Agreeing, panellist Hans Rosling, Chairman of the Board of the Gapminder Foundation, said “database hugging disorder” made people cling to data as they would their toothbrush.  This was understandable, but Governments, organizations and individuals must make bolder decisions, as Kenya had done.  The absence of cell phone coverage was probably the best indicator of poverty around the world today.  He also sounded the alarm that the United Nations did not have an official definition of a developing country.  “This is important when dealing with emergency situations,” he said.  “We must have an underlying understanding of the differences within countries.”


In the debate that followed, representatives from Governments and United Nations agencies alike agreed on the need to base humanitarian decisions — in both preparedness and response — on evidence, and that a shared understanding of humanitarian needs was essential.  Differences surfaced, however, on what constituted evidence.


Syria’s delegate said that YouTube and other social networking sites could not be used when taking decisions about humanitarian assistance, and asked panellists whether Facebook and other such sites had the credibility to help humanitarian actors take decisions.  “How can we be sure [the data] has the necessary credibility and hasn’t been manipulated?” she asked.  On that point, Haiti’s delegate asked whether it would be better to strengthen the State bodies so they could shoulder their responsibilities, especially for sharing information.


In his response, Mr. Rosling agreed that social media was not verified.  However, in a situation when there was no access to other data, “you need to act on it, but carefully”.  It was much like “triangulating”, or using data along with other sources, and treating them as a “shade of grey” instead of as black or white.  “The more data is used, the better it tends to become,” he added.


Mr. Meier added that journalists were becoming more sophisticated in triangulating data from new technologies; it was the type of verification that they had done for many years, just using new platforms.  In addition, people left “digital crumbs” from their online use, which could be explored in search of extremist tendencies and other indications of data falsification.


In the afternoon during a special event, panellists provided an update on efforts by the Inter-Agency Standing Committee — the key strategic coordination mechanism among major humanitarian actors — to make the system more effective.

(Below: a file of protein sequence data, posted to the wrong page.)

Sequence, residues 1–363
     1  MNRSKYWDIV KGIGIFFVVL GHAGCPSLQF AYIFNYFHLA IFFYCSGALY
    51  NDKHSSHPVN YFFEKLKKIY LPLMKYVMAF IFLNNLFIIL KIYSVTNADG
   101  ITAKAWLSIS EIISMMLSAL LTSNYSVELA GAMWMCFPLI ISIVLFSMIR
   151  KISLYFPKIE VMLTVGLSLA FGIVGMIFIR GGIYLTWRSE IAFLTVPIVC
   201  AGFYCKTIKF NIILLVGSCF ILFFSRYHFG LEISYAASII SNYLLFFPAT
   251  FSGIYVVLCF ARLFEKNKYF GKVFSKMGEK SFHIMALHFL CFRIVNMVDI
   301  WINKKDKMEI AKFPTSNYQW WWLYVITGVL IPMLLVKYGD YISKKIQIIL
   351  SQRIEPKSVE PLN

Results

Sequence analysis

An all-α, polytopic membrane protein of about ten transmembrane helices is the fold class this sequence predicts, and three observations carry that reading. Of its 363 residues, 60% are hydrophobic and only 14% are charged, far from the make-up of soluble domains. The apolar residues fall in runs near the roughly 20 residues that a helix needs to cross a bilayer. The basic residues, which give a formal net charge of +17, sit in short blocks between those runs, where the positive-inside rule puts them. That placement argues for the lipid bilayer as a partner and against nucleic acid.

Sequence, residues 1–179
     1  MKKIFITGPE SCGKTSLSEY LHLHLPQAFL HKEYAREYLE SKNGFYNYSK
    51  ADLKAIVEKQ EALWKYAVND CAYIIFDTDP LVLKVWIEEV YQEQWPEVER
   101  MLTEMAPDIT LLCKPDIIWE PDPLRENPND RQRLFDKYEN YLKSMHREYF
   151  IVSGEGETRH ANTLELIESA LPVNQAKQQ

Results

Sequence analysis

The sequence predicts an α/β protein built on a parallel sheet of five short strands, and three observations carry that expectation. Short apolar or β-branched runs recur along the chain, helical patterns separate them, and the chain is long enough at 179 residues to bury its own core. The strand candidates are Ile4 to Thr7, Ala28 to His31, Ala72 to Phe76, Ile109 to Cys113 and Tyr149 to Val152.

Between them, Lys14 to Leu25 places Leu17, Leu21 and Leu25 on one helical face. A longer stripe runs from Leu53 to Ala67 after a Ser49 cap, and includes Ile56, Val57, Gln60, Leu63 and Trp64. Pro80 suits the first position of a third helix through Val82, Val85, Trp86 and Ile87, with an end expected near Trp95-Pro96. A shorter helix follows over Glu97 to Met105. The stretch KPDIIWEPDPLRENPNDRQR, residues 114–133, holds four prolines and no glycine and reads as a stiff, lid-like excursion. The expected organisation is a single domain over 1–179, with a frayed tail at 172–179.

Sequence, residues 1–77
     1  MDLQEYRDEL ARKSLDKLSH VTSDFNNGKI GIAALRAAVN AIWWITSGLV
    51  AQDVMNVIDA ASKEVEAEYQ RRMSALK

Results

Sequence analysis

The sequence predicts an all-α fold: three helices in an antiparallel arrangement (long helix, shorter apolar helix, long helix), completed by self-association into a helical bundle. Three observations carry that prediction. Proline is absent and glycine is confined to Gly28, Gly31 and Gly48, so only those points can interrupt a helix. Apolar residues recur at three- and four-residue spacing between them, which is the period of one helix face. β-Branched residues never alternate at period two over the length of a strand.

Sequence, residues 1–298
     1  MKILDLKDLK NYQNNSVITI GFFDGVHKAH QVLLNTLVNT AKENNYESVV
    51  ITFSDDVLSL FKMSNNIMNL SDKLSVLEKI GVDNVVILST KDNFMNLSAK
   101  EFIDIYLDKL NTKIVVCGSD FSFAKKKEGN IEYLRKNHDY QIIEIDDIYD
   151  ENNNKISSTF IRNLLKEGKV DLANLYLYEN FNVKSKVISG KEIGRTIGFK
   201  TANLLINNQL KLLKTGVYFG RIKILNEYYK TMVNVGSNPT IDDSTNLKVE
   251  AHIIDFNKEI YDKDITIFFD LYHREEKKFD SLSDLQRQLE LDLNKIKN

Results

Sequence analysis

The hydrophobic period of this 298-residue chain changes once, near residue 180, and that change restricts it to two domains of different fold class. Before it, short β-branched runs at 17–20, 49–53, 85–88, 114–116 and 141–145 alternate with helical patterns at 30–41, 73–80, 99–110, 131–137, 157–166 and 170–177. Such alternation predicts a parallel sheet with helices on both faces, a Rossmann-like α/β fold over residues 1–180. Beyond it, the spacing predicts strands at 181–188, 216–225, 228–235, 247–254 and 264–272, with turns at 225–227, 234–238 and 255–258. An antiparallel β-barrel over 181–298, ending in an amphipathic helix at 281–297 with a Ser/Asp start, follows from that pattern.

Ms. Amos said the Standing Committee’s Transformative Agenda aimed to meet that goal through better leadership, accountability and coordination.  Within 48 hours of a crisis, the body’s key members — the heads of United Nations humanitarian and development-related entities or their representatives, along with “standing invitees” such as representatives of Oxfam, the International Committee of the Red Cross (ICRC) and Care International — would meet to discuss the situation.


An emergency humanitarian coordinator would be deployed in the first 72 hours of a level 3 emergency.  The agenda also set out guidelines for cluster operations and a mechanism to monitor “how we are doing against a plan we had set”.  Principals had already conducted a simulation exercise, which it would repeat on an annual basis.  “It’s an ambitious agenda, but it is doable,” she said.


Francis George Nazario, Acting Permanent Representative of South Sudan to the United Nations, said his Government was rolling out the Transformative Agenda.  Indeed, there should be better coordination at every level of operations, as well as systematic collaboration.  Other humanitarian tools, such as pooled funds, were also important, as they could empower non-governmental organizations.  In a complex situation, the challenge was to indentify priorities in order to best allocate resources.


The Economic and Social Council will reconvene at 10 a.m. to continue and conclude its humanitarian affairs segment.


Background


The Economic and Social Council today continued the humanitarian affairs segment of its 2012 substantive session, and held a panel discussion on “Improving capacities for evidence-based humanitarian decision-making”.  It was to be followed by another discussion updating Council members on the Inter-Agency Standing Committee’s efforts to make the humanitarian system more effective.